Sunday, May 8, 2011

New Scientist: Covert Fragmentation helps embed secrets

Encryption has always been the most important way of hiding all type of data either on servers or on your own computer. However these encryptions are becoming old news. Most hackers notice the encrypted files due to the completely random information they portray. As Hassan Khan of the University of Los Angeles says: It's a dead giveaway. New methods are now being developed that involve hiding information in plain sight, in other words, altering the position where the hidden file is not its contents. A hard drive stores data in chunks known as clusters where space is available. Form what I understand the code depends on sequential clusters, meaning the way the clusters are arranged. The coding also depends on whether the clusters are adjacent to each other or not assigning each of them a binary 0 or 1.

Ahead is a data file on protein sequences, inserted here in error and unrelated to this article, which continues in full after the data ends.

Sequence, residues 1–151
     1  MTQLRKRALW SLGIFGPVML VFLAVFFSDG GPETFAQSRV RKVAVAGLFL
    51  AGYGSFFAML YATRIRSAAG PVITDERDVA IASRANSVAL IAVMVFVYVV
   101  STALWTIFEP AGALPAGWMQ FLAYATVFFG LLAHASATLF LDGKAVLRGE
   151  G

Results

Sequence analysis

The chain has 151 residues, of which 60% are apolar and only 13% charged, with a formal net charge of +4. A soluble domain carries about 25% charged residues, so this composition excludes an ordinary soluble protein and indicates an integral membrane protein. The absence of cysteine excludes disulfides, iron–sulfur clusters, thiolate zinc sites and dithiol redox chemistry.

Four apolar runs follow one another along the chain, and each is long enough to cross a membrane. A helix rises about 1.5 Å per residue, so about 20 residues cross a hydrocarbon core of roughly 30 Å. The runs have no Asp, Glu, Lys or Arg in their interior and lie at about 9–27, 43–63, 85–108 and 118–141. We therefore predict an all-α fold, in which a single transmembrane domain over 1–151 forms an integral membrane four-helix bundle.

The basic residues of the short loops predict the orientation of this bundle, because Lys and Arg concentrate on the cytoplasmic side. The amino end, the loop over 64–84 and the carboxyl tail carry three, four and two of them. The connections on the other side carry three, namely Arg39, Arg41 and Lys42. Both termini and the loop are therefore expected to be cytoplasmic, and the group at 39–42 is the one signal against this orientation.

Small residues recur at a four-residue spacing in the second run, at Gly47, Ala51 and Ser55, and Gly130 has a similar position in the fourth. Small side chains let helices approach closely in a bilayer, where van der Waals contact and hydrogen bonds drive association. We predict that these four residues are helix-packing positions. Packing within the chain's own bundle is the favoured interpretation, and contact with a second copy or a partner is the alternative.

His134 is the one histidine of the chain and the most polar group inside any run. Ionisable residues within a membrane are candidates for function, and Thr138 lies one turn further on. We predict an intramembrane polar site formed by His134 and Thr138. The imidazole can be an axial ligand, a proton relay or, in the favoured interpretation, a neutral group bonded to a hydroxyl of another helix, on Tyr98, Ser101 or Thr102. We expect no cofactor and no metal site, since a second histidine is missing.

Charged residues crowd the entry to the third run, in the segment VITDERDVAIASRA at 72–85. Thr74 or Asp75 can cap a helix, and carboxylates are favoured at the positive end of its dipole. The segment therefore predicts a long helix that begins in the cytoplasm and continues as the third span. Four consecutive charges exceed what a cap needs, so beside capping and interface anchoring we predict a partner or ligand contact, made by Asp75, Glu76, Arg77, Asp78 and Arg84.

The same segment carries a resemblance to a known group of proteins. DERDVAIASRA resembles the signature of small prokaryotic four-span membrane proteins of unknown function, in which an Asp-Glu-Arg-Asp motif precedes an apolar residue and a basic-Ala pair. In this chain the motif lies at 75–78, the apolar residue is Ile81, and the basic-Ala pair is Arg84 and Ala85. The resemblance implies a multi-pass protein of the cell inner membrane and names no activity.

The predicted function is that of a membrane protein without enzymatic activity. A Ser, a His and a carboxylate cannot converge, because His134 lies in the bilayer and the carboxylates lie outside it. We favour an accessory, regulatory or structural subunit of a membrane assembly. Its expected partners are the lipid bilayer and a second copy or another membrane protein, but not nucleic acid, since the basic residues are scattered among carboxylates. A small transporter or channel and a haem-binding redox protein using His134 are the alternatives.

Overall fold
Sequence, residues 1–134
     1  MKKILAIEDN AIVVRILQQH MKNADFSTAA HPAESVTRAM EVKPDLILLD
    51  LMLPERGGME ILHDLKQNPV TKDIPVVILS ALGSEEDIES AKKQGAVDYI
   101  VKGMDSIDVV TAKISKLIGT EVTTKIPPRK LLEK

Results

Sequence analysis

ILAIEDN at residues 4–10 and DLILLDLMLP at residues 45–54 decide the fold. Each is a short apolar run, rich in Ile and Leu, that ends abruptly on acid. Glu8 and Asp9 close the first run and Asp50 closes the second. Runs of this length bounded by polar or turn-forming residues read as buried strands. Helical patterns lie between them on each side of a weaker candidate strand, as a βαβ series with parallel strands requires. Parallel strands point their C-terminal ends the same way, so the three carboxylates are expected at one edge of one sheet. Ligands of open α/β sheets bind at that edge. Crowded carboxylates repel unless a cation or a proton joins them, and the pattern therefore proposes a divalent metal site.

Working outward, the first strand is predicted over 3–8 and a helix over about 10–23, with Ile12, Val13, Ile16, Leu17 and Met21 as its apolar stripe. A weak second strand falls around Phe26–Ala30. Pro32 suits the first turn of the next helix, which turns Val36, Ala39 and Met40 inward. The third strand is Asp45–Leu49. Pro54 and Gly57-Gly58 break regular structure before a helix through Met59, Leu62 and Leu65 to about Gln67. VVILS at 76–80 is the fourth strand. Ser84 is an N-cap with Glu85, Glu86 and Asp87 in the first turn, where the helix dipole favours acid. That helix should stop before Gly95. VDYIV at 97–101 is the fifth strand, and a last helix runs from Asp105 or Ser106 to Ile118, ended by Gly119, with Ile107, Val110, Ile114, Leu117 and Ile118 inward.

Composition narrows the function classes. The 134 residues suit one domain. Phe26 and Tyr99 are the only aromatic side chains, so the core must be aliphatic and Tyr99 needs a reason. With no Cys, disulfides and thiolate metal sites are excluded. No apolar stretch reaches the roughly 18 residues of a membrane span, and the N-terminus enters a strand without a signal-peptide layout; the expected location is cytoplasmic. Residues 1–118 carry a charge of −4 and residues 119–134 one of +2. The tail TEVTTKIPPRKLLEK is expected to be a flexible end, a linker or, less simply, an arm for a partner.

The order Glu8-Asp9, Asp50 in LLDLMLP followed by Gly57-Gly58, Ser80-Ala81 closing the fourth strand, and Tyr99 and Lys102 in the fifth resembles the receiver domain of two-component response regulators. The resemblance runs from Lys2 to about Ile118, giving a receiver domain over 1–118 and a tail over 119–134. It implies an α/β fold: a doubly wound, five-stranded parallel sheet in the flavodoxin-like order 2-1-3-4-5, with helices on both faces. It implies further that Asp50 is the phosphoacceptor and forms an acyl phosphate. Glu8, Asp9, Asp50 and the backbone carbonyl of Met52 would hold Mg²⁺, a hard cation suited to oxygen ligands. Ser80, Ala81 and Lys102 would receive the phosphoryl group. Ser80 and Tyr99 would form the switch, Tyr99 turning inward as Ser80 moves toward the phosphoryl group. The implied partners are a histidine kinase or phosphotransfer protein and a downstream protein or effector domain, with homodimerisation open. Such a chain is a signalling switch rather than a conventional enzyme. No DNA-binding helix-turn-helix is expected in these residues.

The most interesting aspect of this type of fragmentation is that an investigator cannot distinguish between the coding and the deletion and addition of files which cause the same effect on the clusters. The use of steganography (hiding in plain sight) will be open source which leads me to believe that it has been in the hands of military and intelligence agencies for some time. This means that there are ways to hack it otherwise they would not have released it to the public so easily.

It's been a long long time since I last posted something on the blog. I have had an immense amount of school work that has taken up most of my time. Now, with exams coming up I wanted to make this one last post before they start.